By Joy Hampton
The Norman Transcript
NORMAN — In the city this week, Norman City Council will continue high density discussions, vote on the creation of an economic advisory board and vote on an economic incentives policy. Budget talks will also continue with the city’s enterprise funds on this week’s agenda.
On Monday, the Council’s Community Planning and Transportation committee will meet at 5:30 to discuss high density.
A group of residents from Ward 4 have formed an ad hoc committee and submitted a density ordinance mirroring the city’s draft ordinance but reflecting the concerns — chiefly height restrictions and parking — the group believes are important to the community.
On Tuesday, the full city council will meet in a non-voting study session at 5:30 to discuss the enterprise funds portion of the FY 2014 city budget.
Norman’s enterprise funds — operations financed and operated like a private business — include water, sewer and trash. Those funds operate based on rates that are only increased by voter approval. Rather than generating income for the city, those revenues meet the basic needs they are designed to cover but may not cover major capital improvements.
The Finance Committee discussed the General and Special Revenue funds budget this past week. Capital funds will be discussed on May 7. A public budget hearing is slated for May 28, and the council will consider the budget for adoption on June 11.
The regular city council meeting will follow at 6:30. Council members will have an opportunity to approve the creation of an economic advisory board and to debate and approve or reject an economic policy for incentives.
The use of cash or cash equivalent incentives such as tax waivers which are popular in other communities such as nearby Moore, have been highly debated in Norman. Some say tax incentives are only one tool in the tool kit of incentives a city might use to draw a desirable business to town. Others oppose all incentives saying business should support itself.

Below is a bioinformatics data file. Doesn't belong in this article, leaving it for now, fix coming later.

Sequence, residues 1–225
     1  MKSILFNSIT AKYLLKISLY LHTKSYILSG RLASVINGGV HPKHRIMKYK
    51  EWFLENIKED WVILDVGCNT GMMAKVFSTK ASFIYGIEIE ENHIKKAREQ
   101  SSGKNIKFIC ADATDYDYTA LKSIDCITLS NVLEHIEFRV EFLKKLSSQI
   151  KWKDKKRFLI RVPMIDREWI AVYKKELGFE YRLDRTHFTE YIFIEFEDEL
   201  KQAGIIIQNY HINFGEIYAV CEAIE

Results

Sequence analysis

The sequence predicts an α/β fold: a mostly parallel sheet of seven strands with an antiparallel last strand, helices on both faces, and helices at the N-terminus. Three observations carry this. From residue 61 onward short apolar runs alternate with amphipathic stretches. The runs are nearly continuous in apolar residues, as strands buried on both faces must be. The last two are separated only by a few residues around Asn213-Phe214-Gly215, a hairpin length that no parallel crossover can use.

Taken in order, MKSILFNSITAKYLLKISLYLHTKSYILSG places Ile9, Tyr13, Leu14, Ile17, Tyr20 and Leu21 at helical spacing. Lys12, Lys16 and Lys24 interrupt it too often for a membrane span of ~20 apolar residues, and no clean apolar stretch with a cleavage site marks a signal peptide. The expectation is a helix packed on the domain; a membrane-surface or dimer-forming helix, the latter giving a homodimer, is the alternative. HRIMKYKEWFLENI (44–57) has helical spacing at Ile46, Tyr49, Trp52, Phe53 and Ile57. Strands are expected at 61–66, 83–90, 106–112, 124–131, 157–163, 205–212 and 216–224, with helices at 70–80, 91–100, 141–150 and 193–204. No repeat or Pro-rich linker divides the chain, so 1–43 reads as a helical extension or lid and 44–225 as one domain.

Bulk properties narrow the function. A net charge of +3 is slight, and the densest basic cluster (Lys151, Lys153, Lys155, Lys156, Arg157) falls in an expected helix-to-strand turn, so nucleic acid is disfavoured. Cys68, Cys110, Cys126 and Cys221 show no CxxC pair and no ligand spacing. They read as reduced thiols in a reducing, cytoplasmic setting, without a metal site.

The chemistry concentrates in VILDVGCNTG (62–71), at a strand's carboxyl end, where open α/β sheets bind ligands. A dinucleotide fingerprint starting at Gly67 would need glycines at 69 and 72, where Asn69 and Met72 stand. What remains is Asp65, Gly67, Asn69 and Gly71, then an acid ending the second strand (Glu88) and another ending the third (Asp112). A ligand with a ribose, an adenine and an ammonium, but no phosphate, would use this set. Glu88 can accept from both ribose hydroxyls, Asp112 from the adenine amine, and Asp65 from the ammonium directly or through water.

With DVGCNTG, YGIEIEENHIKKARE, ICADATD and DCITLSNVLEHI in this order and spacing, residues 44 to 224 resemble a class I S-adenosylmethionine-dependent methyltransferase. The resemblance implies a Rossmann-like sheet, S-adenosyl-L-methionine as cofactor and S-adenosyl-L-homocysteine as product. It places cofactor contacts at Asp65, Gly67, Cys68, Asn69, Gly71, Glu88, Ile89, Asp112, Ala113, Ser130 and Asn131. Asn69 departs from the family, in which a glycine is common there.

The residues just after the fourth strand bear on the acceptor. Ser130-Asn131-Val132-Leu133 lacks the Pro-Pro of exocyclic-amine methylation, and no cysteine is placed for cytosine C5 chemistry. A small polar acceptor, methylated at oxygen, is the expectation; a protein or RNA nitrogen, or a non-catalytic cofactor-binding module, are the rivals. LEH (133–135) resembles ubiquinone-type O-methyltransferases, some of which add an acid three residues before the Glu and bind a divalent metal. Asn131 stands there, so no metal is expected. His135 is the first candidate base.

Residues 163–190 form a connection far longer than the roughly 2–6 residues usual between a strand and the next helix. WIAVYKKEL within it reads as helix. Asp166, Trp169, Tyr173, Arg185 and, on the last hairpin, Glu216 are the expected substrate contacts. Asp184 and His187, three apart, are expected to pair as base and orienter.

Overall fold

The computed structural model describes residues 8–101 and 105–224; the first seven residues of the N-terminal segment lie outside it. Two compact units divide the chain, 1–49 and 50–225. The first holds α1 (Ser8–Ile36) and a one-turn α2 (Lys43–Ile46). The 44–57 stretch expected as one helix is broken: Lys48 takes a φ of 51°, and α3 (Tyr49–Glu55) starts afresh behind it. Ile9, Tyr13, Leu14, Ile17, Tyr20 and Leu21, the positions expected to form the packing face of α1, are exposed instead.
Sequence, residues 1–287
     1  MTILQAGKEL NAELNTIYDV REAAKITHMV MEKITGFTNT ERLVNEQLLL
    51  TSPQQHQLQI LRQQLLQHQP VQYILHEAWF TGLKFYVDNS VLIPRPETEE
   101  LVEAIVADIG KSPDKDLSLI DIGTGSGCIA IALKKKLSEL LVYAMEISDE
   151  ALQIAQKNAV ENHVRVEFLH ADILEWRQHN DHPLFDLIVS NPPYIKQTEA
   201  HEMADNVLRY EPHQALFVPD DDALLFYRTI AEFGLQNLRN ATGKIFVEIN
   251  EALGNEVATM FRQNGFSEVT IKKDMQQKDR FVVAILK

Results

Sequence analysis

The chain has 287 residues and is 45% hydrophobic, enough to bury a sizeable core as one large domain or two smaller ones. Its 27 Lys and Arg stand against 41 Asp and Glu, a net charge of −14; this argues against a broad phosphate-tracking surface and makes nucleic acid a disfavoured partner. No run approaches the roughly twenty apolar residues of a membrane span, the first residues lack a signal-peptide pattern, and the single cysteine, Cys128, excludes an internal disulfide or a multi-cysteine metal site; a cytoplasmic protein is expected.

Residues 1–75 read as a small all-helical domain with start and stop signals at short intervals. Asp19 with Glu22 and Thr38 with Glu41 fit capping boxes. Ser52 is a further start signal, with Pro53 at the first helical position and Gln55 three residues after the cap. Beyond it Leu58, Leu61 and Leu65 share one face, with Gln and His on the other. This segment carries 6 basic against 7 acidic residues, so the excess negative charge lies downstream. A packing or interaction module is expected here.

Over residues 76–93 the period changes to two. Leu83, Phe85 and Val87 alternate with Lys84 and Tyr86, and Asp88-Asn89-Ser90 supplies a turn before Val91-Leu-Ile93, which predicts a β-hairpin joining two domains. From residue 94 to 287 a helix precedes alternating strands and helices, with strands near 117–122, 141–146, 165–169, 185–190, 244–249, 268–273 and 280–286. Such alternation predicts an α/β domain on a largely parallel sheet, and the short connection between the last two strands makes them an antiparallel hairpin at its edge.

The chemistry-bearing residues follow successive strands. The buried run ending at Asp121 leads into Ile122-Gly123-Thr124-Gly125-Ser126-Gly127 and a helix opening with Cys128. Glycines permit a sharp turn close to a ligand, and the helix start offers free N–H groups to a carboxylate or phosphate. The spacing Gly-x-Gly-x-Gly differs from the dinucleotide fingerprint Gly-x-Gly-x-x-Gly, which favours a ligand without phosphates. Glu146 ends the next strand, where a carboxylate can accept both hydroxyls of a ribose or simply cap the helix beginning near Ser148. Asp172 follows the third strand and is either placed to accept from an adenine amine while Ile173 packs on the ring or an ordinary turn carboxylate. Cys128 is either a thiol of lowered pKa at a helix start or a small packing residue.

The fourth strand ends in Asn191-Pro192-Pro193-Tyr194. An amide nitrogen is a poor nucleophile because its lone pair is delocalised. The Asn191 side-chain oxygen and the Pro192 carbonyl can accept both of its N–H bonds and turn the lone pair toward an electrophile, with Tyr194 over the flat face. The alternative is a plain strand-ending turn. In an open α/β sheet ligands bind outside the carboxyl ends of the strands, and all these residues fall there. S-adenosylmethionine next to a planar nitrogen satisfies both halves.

The proposed policy does set requirements for incentives including quality jobs creation, requiring good wages and health benefits.
The advisory committee would serve as advisors to the Norman Economic Development Authority. The advisory committee would make recommendations only and would have no power to broker deals or assign incentives to a business. The Authority is comprised of city council members. The advisory board will be made up of volunteer residents with expertise in economic development, banking and related areas.
The city council’s Business and Community Affairs Committee identified a need for a public trust authority to facilitate potential economic development incentives as a priority in August 2011. The purpose is to provide incentives and bonding capacity to the city and to work in conjunction with the Norman Economic Development Coalition. The Coalition has been recruiting businesses to Norman for 17 years.
The Norman Economic Development Coalition was formed as a private 501(c)(6) in 1997 and has been actively assisting existing businesses, recruiting new businesses and potential employers to Norman since its creation. But NEDC cannot issue bonds or offer the kinds of incentives possible through the newly established economic authority.
At this time, no projects have been identified and there is no dedicated funding source for the Authority. Having the Authority and its advisory board in place sets up a mechanism for the city to use should an appropriate project come along, say supporters.
NEDC began as a collaborative effort between the city of Norman, Chamber of Commerce, and University of Oklahoma, and was expanded to include the Moore-Norman Technology Center as an equal contributor about four years ago, according to city staff notes. NEDC would continue to recruit business to Norman under the new partnership but could refer projects to the city’s advisory board and the economic development authority.
The city council is also expected to adopt a drought tolerant plant policy for all city plantings and will consider a request for a preliminary plat for Rose Rock addition to allow the creation of a private school at 1515 W. Main Street.
Originally, neighbors were concerned about parking and long lines of cars when parents picked up children from the school.
For local news and more, subscribe to The Norman Transcript Smart Edition, or our print edition.